We also attended Olivet together, where I sang in the Testament Men’s Choir and went on a mission trip to Argentina with a great group of singers. Though quiet about their sexual orientation while at ONU, a few from that group had their gifts for ministry rejected as unworthy and unclean (along with the rest of them) after graduation, and many no longer call themselves Nazarenes. Their story is sad, and they are not alone.
Personally, though, I watched those friendships fade away once those young men found the courage to admit to themselves, to their friends, and to their churches that they loved others in a way that the 20th century church in America deemed abhorrent. I let them go because I could see no other way forward.
How could these friends of mine not love the same way that I love; why could they not just be normal? Their romantic decisions were inconceivable to me twenty years ago, and I wished they could simply see the error of their ways. Wasn’t it clear in the Bible that we all professed to believe that this way of loving was fundamentally wrong?
I am hopeful and confident that you will find good answers to those two sociological and theological questions in the other essays included in this book, or elsewhere, if you go looking with an open heart. I have found good answers myself over the years. But well-supported biblical arguments were not what transformed my opinion from silently regretting and judging the orientation and decisions of my friends to actively affirming them and their full participation in the Church.
You might have already guessed this, but friendships did that.
I graduated from Olivet, served with Nazarene Compassionate Ministries in Africa, and then returned to the States to serve as a youth pastor at Seattle First Church of the Nazarene. While there, I enrolled in graduate school to be a counseling psychologist, hoping to listen and care for others as my lifelong vocation and calling. Several of my classmates were pursuing their own vocation through the church and answering their calls to the pastorate and the priesthood. And several of them, alarmingly to me at the time, were gay.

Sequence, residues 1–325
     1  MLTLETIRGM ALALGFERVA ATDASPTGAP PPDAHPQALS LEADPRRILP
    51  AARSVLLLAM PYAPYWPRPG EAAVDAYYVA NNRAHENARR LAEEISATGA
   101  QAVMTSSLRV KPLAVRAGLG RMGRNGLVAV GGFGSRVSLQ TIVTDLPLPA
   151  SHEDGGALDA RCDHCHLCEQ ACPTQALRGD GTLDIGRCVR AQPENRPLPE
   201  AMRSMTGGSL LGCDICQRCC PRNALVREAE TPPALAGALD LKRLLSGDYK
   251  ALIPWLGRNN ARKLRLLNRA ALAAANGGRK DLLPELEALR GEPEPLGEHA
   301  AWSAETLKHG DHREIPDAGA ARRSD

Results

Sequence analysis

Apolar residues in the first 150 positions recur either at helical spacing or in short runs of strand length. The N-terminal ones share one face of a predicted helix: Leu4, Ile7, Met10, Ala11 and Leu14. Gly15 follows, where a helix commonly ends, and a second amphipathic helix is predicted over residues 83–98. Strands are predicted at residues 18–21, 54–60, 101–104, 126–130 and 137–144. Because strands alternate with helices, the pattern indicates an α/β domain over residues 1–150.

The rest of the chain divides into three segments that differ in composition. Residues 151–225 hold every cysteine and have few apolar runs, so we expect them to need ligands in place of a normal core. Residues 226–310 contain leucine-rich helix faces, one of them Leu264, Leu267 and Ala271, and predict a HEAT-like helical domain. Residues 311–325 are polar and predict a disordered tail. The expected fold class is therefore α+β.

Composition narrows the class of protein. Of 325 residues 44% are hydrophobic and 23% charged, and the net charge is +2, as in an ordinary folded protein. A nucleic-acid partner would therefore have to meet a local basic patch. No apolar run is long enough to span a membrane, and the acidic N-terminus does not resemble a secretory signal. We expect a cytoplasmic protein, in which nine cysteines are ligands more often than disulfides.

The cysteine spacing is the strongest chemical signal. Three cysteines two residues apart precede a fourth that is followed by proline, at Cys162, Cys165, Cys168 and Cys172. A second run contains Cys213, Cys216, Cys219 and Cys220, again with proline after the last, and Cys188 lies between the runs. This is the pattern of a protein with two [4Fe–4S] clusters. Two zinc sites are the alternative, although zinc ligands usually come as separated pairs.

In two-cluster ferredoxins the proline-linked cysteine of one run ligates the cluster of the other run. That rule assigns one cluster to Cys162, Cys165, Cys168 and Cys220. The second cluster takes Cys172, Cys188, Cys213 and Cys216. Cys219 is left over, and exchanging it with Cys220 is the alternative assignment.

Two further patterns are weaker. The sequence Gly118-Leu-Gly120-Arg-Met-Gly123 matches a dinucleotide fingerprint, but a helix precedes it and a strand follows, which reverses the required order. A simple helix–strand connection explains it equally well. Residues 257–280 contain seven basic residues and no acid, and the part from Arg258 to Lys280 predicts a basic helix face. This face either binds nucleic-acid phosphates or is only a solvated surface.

Admittedly, the ivory towers of liberal, west coast academia might not be an admirable place for many, nor a surprising place to find my opinion evolving, but remember that my personal transformation did not come through well-supported biblical arguments or “woke” classwork. My own stance on LGBTQ+ issues in the church and culture at large was transformed through friendship and personal relationships, through listening to my classmates trying to pursue the call of Christ in their lives and through caring for them as they expressed pain, rejection, and heartbreak in the churches and families of their youth. These were young people, like me, hoping to be of use to the Body of Christ, like me, willing to give their lives in service, answering God’s call.
And perhaps most importantly for the context of this particular essay, these young people thoroughly and consistently exhibited the fruits of the Spirit. My LGBTQ+ friends were serving one another humbly, in love. They were loving their neighbors as themselves. Their lives were marked by love, joy, peace, forbearance, kindness, goodness, faithfulness, gentleness, and self-control. They had faults and flaws, much like we all do, but they were faithfully trying to keep in step with the Spirit, and they wanted wholeheartedly to devote their lives to the church.
These friendships opened my eyes to a world where sexual orientation was not a dealbreaker nor a litmus test to being a follower of Christ. In much the same way, Paul wrote about these familiar fruits of the Spirit in a time when circumcision and other Jewish laws and customs were being used by the churches in Galatia to keep people out, to treat Gentiles as second-class citizens who needed to conform before they could be accepted into the Body of Christ. As he wrote to them then, “You who are trying to be justified by the law have been alienated from Christ; you have fallen away from grace… the only thing that counts is faith expressing itself through love” (Galatians 5:4-6). Paul was calling the Galatians back to the wonderful, matchless grace of Jesus—deeper than the mighty rolling sea—and to a faith formed and evidenced by the fruits of the Spirit.